selling other information services, by selling books, and by organising
      conferences and events. In Australia, for instance, approximately 70% of
      total newspaper revenue is derived from non-classified sources (including
      book publishing, magazines, cable network programming, TV and direct
      broadcasting – satellite and on line).

      Advertising
          Advertising and classifieds are an important revenue source for
      newspapers in OECD countries (Figure 2.2). In many countries this makes
      newspapers the second largest advertising medium after television, or even
      the first.2




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                      2. THE VALUE CHAIN AND ECONOMICS OF THE TRADITIONAL NEWSPAPER INDUSTRY –                     59
   Figure 2.2. Contribution of advertising and copy sales to paid-for daily newspaper
                                        revenues
                                 In percent, 2008 or latest year available

   100
     90
     80
     70
     60
     50
            87
     40          77   77
     30                    65   61   59   57     57   54    54    54    53     53   53   51   50   49   45
     20                                                                                                      38   35
     10
      0




                                               Copy sales        Advertising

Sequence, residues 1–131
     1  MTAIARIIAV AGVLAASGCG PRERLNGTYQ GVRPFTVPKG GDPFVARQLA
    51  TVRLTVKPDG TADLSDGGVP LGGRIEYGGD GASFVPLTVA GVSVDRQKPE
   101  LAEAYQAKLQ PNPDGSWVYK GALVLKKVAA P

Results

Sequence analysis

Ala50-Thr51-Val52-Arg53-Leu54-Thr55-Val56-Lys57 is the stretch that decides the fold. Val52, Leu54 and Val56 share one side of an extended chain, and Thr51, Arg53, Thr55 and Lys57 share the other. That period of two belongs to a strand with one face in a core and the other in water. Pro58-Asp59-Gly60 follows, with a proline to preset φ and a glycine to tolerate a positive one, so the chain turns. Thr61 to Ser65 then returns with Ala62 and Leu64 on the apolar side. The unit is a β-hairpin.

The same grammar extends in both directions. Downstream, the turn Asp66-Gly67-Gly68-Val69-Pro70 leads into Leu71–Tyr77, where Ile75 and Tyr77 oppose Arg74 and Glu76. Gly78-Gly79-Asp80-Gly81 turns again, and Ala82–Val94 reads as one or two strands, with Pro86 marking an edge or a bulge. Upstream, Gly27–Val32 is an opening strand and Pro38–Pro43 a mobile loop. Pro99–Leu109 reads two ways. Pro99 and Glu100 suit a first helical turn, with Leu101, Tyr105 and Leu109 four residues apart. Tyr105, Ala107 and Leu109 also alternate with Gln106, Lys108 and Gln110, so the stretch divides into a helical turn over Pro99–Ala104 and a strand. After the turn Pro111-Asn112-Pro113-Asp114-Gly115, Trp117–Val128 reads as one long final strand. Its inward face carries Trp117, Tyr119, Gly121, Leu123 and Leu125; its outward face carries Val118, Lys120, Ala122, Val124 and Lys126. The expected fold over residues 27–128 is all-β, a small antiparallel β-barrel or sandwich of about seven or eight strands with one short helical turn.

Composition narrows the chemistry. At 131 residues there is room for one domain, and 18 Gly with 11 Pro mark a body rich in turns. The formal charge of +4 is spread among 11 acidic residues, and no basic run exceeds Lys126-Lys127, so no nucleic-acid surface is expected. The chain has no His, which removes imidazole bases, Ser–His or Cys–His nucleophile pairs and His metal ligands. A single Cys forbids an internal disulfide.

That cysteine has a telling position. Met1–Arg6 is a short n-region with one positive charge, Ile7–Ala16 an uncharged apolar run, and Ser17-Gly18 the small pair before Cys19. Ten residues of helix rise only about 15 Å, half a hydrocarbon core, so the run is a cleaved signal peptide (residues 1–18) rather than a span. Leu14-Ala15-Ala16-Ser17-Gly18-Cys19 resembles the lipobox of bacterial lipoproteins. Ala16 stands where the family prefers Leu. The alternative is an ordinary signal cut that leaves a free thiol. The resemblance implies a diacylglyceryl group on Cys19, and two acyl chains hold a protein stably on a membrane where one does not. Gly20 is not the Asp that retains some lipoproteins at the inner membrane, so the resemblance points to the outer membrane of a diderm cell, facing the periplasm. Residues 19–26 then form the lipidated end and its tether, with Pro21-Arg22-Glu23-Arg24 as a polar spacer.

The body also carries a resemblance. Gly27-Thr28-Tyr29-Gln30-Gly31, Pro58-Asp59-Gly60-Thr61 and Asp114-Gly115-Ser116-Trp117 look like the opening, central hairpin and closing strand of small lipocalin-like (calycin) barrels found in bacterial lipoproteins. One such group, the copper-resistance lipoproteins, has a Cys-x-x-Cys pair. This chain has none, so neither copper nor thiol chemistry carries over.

Source: OECD calculations based on data from The World Association of Newspapers (WAN).


              The reliance on advertising has been growing over the years for most
          OECD countries, increasing the vulnerability to the business cycle as
          advertising sales usually contract even more than circulation in times of
          downturn. The reliance on advertising is very high in the United States,
          Luxembourg and Canada but less so in countries such as Japan, Denmark
          and The Netherlands. Some countries such as Japan have been relatively
          shielded as newspapers depend mostly and increasingly on sales revenues.3
          In France some newspapers live from the sales of their publication (Le Floch
          and Sonnac, 2005 cites the example of Canard Enchainé), yet this is the
          exception in OECD countries and over the last years one can observe a
          progressive dependence on advertising in France as well.
              Available data also points to the fact that advertising prices of
          newspapers had been going up for the last decades, potentially also a sign
          for the strong market power of local newspapers. From 1975 to 1990, for
          instance, US publishers increased advertising prices by 253%, although the
          print costs went up by 161% (Meyer, 2004).




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          The level of print newspaper advertising has not been declining
      consistently and for a long time throughout the OECD (Figures 2.3 and 2.4;
      and available data from WAN and PwC). The advertising market has
      actually been growing strongly over the last decades, more recently also